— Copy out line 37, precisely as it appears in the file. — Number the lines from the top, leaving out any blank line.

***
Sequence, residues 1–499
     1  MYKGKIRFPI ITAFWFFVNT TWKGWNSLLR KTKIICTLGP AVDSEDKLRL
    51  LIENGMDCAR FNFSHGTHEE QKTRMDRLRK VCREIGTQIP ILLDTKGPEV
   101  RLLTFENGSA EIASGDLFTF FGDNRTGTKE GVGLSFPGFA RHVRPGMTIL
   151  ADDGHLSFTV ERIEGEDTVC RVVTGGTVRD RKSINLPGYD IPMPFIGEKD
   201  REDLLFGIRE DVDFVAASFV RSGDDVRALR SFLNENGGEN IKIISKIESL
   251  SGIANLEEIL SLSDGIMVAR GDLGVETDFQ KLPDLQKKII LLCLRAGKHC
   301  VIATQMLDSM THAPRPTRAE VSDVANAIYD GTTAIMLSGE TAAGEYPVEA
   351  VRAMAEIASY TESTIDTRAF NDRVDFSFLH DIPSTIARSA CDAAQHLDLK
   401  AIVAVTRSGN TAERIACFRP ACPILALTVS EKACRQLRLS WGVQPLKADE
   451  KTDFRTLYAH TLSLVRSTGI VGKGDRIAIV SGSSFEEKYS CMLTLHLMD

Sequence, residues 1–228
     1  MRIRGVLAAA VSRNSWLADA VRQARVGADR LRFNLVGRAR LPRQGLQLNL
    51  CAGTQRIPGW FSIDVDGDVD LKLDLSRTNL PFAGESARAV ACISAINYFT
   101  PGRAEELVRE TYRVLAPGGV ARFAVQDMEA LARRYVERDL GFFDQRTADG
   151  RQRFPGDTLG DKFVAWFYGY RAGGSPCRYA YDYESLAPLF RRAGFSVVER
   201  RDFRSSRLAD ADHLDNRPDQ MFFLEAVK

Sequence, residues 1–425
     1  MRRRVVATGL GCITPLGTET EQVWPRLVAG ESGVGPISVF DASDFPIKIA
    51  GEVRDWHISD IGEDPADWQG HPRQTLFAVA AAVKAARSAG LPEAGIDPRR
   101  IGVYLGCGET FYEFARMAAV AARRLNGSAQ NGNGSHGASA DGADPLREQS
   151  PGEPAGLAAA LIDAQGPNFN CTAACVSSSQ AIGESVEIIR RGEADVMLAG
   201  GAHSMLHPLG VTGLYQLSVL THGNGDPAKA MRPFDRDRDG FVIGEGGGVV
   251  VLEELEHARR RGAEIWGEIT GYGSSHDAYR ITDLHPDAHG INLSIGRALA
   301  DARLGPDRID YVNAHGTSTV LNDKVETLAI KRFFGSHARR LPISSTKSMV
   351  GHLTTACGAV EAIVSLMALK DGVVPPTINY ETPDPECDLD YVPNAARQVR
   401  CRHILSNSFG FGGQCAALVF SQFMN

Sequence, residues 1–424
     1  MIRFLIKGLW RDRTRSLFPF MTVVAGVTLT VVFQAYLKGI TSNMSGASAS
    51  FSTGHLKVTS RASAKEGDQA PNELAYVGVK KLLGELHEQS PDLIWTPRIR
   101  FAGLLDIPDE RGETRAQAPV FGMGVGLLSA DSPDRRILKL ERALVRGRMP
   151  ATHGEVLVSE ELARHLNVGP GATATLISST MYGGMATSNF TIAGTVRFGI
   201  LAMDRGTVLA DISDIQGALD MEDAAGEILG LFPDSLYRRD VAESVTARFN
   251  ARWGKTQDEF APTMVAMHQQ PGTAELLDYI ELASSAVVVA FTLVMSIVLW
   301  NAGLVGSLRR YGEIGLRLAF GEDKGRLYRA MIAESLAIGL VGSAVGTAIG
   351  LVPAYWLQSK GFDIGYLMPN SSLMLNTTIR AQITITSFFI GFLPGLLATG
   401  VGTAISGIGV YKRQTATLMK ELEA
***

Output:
   401  VGTAISGIGV YKRQTATLMK ELEA